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Philosophy And Football Mix During Week Of Auburn-Alabama Game

November 20, 1996

BIRMINGHAM, Ala. (AP) _ In the week before the Alabama-Auburn game, football and philosophy sometimes become one and the same.

``If you were guaranteed to go 8-3 every year and you knew you would beat Alabama every year, could you be happy?″ Auburn coach Terry Bowden was asked

``You wouldn’t have to worry about your job much,″ Bowden said. ``But in a way, it would be like being in Purgatory, because who would those other three losses come against?″

That, in a way, sums up the rivalry that will be renewed Saturday when the Tigers and Tide meet for the 61st time.

In a state where three-loss seasons are frowned upon, a win in the biggest game of the year can buy the coach a peaceful offseason. But a loss in the game _ no matter how good the season was leading up to it _ can mean a year of distress.

``It doesn’t go away,″ Bowden said. ``You’d like to think it would ... but what you do in this game is under constant scrutiny. It’s never-ending.″

Or, as it says in the book ``The Uncivil War,″ one of a half-dozen publications documenting the history of the game:

``To win means a day of joy and a year of glory.

``To lose can mean days of dark depression, endless weeks of recrimination and, worst of all, a year of unending torture from the other side’s fans on the radio, in the boardrooms and offices and factories and playgrounds and sometimes across the dinner table.″

``You can salvage a whole season of pride in this game. Or ruin an otherwise unblemished year,″ says the foreword to another of the books, ``Alabama Showdown.″

Neither team will finish unblemished this season. And on a national scale, this year’s game doesn’t mean as much. For the first time since 1982, both teams are coming into the game off losses. Alabama (8-2, 5-2 SEC) is ranked 15th and Auburn (7-3, 4-3) isn’t ranked.

But within the state, it’s still the big event.

``It’s part of living in Alabama,″ said Ken Gaddy, head of the Bear Bryant Museum in Tuscaloosa. ``If you’re not rooting for either Alabama or Auburn, you’re missing out. Some people don’t think of football as culture, but I do. This game is part of the culture of this state.″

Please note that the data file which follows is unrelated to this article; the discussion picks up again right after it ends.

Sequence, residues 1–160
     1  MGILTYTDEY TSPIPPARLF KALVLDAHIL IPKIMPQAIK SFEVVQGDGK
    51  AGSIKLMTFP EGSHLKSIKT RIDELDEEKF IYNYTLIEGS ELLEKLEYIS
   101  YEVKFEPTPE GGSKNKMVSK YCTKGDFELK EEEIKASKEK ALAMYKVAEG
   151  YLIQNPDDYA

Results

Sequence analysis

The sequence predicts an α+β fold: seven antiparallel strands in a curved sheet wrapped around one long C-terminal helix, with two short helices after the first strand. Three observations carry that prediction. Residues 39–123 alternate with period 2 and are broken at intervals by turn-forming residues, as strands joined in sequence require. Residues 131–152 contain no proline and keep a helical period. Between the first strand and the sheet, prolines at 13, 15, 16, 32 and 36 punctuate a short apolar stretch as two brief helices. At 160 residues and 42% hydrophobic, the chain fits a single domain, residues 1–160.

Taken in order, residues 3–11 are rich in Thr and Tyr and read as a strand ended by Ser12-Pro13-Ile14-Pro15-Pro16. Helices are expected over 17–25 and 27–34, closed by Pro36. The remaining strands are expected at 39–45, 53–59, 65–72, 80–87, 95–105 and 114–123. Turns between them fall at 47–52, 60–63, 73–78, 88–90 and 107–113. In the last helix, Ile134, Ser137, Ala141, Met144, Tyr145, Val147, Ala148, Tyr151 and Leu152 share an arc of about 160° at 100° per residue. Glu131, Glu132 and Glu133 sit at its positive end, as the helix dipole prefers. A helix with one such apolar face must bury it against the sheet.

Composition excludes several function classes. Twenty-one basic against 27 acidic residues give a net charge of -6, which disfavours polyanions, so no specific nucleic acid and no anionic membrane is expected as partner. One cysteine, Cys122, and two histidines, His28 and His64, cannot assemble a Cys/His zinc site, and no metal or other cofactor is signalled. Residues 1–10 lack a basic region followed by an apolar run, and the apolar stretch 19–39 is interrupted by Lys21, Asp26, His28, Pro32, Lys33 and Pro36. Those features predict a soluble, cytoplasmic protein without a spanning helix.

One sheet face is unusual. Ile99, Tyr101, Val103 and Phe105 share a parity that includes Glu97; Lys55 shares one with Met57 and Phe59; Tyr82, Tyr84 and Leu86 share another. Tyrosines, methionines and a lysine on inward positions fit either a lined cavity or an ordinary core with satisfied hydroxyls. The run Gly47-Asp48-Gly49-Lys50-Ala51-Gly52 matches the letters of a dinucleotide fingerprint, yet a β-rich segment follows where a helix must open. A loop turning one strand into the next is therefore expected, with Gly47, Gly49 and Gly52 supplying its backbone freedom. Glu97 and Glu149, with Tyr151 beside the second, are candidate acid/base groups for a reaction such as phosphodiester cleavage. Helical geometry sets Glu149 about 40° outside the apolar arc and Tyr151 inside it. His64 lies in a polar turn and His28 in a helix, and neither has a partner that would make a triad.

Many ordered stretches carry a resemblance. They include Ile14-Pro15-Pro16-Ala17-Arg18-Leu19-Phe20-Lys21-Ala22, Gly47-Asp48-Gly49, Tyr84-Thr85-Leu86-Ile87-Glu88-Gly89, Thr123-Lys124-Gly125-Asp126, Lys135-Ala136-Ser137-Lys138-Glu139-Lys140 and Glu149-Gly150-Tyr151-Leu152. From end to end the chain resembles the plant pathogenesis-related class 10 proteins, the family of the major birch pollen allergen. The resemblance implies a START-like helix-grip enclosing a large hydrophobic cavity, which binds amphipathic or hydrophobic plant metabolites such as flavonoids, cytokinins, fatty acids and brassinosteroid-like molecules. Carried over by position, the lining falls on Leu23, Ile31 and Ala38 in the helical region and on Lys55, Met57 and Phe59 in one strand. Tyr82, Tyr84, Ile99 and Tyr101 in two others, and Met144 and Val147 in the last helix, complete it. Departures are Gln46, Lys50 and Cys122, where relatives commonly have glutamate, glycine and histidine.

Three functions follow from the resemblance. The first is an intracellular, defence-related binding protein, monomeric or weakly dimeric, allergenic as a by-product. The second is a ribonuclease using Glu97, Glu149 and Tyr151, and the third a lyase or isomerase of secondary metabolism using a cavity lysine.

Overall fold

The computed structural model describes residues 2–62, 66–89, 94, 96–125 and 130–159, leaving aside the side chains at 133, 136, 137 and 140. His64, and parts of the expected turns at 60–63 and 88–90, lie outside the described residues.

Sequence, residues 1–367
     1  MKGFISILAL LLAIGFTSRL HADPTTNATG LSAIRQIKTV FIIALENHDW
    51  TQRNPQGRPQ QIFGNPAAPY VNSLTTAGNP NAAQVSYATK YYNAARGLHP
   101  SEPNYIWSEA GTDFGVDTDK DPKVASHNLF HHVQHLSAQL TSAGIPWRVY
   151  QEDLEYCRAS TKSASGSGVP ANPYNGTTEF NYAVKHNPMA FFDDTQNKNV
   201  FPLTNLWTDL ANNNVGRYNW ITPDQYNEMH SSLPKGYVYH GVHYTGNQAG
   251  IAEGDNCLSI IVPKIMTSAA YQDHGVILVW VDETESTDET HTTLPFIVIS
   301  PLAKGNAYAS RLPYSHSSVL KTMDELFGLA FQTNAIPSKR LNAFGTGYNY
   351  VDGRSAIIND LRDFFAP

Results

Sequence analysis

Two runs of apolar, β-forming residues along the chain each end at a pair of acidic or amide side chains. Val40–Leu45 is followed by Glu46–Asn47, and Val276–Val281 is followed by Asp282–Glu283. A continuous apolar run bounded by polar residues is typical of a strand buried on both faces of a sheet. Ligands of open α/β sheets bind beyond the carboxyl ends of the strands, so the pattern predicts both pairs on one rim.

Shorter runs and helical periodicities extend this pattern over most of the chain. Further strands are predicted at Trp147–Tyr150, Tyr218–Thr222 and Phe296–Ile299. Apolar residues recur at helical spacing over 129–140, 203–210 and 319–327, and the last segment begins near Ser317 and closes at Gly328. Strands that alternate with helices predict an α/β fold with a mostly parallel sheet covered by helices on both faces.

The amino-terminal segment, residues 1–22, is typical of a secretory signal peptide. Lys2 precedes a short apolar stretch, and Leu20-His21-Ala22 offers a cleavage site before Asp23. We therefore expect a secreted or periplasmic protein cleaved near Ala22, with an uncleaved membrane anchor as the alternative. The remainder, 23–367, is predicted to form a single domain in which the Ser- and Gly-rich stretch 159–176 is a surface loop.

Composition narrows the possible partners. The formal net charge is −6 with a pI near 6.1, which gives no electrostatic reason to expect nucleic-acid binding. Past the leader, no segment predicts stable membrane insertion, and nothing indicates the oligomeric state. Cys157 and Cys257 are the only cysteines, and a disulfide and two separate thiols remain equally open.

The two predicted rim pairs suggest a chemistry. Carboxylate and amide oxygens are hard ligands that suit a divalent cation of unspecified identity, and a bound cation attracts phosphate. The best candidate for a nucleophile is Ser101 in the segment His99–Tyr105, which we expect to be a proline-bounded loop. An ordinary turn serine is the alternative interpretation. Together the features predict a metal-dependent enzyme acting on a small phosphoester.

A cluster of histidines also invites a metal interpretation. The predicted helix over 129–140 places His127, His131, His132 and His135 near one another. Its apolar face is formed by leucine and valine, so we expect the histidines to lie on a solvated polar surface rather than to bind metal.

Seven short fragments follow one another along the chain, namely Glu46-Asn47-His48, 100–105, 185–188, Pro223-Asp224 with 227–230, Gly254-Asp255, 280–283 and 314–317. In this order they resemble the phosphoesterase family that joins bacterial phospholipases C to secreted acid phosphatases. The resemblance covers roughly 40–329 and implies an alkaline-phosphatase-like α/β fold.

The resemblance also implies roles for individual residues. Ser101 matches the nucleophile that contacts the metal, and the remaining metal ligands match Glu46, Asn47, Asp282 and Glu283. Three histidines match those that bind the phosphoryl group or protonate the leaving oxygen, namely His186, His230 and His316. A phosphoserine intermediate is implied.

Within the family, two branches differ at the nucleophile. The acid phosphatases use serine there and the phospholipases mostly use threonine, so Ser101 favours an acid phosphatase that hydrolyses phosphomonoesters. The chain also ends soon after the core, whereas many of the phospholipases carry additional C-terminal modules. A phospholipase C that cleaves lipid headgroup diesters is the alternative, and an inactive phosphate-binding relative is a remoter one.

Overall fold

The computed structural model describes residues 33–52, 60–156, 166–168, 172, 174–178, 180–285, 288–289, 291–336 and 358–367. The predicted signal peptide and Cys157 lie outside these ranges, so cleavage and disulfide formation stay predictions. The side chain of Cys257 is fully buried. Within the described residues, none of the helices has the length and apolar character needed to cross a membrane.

Alabama coach Gene Stallings sees the game as big-time pressure. He tries to keep it off of his players, but no matter how hard a coach tries, the players feel the buzz.

Even in this, a down year for both teams, there are twice the number of reporters swarming outside practice. Twice the number of TV cameras. More calls from neighbors and friends. More scrutiny.

``As far as I’m concerned, it’s the biggest game of my career,″ Alabama offensive lineman Pete DiMario said. ``It’s because of the pride factor. It’s because of the bragging rights. It’s basically the whole season.″

Some theorize that players who didn’t grow up in Alabama might not take the game quite as seriously. Take Auburn’s starting cornerback Brad Ware, a freshman from Powder Springs, Ga.

``I don’t know the true meaning of the game like the people from Alabama,″ he said. ``I didn’t grow up around all that. I think it will keep me more relaxed.″

Coaches like anyone who can stay loose for this game.

But some of Ware’s more experienced teammates know that if he gets burned for the game-winning touchdown or blows a tackle on a key play or drops a sure interception, he’ll be remembered for at least a year, maybe longer.

``I don’t think that’s fair, but that’s the way it is,″ Auburn offensive tackle Victor Riley said. ``If you don’t win this game, you can count on hearing about it anywhere you go in Alabama. If you lose, you’ve just got to be ready to deal with it for the next year.″